Rarely does an author reveal the sources of his characters, situations, images, and locales in as much detail as Mr. Grass does in this autobiography that concludes with the publication of The Tin Drum. I feel a need to reread all of the works to inject these perspectives.

Most writers will tell you that they use all of their life experiences as resources. Having seen how true that is of Mr. Grass, I realized for the first time that for writers to have truly original voices they need to have experiences that are far different than what most people do. Mr. Grass's war-disrupted youth certainly makes that clear.

For those who find realistic accounts of wartime interesting, Mr. Grass spends more time on his brief period under fire than on any other subject. You'll get an impressive eye-witness account of the collapsing German military just before Hitler's suicide.

Ultimately, I came away astonished most by the way that Mr. Grass is able to look at even his own actions and life as an external viewer might. That's a remarkable talent that obviously contributes to his ability to sculpt complex word pictures into stories that defy memory loss.

If you read only one autobiography of a writer, I suggest this one.
13 of 14 people found the following review helpful
3.0 out of 5 stars The great work is behind him July 30 2007
By Alejandro Anreus - Published on Amazon.com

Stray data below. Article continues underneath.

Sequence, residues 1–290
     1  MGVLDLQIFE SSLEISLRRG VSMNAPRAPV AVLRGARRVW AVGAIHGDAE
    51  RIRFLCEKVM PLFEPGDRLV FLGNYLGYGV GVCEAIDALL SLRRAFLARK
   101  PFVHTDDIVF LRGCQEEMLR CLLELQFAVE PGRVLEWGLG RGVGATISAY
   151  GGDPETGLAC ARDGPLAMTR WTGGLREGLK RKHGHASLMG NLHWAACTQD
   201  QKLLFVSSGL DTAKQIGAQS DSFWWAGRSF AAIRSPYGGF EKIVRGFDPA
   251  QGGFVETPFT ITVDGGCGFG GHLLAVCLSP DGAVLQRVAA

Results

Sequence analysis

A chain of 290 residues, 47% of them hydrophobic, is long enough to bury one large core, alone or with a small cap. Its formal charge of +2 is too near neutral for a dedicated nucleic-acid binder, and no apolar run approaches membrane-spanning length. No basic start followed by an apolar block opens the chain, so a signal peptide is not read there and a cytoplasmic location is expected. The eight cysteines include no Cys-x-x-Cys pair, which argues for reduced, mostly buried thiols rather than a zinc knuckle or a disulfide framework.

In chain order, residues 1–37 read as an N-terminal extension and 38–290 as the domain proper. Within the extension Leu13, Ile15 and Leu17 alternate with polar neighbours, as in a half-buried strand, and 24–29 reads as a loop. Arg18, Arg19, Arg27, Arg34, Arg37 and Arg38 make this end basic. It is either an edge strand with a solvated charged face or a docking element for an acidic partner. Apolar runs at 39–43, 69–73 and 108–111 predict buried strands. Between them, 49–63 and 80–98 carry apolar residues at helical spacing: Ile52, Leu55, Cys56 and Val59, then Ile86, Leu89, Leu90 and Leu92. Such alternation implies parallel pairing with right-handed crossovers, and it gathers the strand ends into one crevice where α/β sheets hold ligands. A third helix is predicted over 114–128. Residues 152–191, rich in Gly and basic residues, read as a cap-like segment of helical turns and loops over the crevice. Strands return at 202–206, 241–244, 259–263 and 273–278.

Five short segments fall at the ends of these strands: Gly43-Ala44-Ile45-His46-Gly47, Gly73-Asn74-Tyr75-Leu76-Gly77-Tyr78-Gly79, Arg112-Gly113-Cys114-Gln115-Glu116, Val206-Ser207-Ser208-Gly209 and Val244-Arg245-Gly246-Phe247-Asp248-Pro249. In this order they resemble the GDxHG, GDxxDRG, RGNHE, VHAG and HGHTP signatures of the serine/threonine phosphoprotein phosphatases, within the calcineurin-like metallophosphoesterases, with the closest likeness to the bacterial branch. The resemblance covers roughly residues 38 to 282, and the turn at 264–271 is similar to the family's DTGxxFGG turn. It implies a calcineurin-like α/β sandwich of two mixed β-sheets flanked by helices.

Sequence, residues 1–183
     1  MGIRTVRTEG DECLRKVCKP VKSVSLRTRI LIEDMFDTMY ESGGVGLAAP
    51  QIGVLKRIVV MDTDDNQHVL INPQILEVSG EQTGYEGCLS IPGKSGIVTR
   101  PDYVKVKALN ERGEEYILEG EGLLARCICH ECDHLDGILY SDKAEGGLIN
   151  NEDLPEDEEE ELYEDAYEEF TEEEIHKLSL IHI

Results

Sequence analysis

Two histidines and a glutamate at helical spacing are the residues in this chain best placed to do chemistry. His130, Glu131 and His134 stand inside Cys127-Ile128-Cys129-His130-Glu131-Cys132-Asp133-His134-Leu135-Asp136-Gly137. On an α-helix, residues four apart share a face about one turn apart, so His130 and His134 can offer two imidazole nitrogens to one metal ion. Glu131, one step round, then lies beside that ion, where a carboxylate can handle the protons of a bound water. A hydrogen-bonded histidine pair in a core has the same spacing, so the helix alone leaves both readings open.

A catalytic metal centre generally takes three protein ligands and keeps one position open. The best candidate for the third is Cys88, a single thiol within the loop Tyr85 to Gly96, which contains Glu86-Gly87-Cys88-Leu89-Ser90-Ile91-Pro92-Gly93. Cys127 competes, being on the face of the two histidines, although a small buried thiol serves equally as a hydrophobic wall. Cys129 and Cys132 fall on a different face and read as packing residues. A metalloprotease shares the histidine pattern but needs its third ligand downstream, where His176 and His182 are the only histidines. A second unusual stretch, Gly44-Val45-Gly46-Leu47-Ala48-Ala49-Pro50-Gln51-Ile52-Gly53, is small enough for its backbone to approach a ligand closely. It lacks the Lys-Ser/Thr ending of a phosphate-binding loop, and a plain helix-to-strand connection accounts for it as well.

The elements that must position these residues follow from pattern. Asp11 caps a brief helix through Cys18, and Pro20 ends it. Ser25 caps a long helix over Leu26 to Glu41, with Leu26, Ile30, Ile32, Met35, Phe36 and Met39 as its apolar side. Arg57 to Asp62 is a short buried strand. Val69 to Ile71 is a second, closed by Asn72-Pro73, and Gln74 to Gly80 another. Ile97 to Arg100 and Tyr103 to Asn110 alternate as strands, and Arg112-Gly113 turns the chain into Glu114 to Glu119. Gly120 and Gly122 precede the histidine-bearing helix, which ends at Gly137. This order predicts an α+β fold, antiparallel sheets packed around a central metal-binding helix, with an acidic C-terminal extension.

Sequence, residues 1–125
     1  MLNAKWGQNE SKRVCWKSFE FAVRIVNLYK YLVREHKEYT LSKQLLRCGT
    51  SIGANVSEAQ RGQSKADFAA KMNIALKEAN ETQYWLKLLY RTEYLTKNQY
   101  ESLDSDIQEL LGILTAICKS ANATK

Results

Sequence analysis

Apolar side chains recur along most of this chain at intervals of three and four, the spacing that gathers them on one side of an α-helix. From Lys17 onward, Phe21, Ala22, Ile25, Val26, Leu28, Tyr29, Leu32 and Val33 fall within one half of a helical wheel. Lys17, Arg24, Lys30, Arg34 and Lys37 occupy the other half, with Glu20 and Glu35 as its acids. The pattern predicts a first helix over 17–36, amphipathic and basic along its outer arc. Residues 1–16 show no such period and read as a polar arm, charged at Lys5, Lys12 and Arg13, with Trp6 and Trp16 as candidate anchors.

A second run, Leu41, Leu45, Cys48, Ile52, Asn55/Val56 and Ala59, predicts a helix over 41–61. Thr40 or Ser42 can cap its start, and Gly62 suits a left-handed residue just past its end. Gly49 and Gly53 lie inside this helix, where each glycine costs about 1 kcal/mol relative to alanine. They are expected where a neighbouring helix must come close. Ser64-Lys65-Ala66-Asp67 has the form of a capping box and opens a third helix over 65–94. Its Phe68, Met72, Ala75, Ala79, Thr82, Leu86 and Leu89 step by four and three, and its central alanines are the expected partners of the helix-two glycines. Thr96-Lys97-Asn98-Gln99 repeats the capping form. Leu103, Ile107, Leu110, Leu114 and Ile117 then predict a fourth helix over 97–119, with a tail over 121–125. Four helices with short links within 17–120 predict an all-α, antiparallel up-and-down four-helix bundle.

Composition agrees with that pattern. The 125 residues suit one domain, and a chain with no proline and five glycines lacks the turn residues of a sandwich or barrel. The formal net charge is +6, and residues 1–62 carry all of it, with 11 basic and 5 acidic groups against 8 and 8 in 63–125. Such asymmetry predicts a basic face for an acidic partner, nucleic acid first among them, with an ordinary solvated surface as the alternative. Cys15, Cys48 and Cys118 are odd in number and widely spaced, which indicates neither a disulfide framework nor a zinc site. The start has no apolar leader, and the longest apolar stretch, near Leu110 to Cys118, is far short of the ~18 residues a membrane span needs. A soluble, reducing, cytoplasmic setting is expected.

Format:Hardcover
"Peeling the Onion" is not a great book, but it is not a bad one either. One wishes for a more straightforward, clear narrative, still, there are powerful and moving passages within this muddled book.
Grass joined the SS and kept it from public knowledge for decades. Now he has made it public and has apologized. His life and most of his political positions and activism since the end of World War II, have made up for his youthful membership in the SS.
The great work is behind him: "The Tin Drum," "The Flounder," "From The Diary of a Snail" and other good if lesser novels. With "The Rat" clear evidence of his literary decadence appeared, yet "The Call of the Toad" was refreshingly good.
For anyone seriously interested in post World War II literature, "Peeling the Onion" is a must, if flawed, read. Better yet,go back and read "The Tin Drum," which is undeniably a masterpiece.
12 of 13 people found the following review helpful
5.0 out of 5 stars Ethical problems Sept. 7 2007
By J. A. Haverstick - Published on Amazon.com
Format:Hardcover
At a play in NYC a few years ago when one character describes to another German children burned alive with napalm in the allied bombings, a playgoer behind me said, "good".

In the shop today I was restoring a Nuernberg Trial document containing a photo (among others) of a German soldier executing a terrified nine-year-old.

And here is Grass's autobiographical account of a kid in Nazi Germany and a youth in its aftermath. Everybody should read this book.

In Plato's CRITO Socrates said we are divided into two types, those who believe that it is right to return harm for harm and those who believe in doing no harm at all. These two types will always be fighting, Socrates says, because they really have nothing in common. Everybody should read that book, too.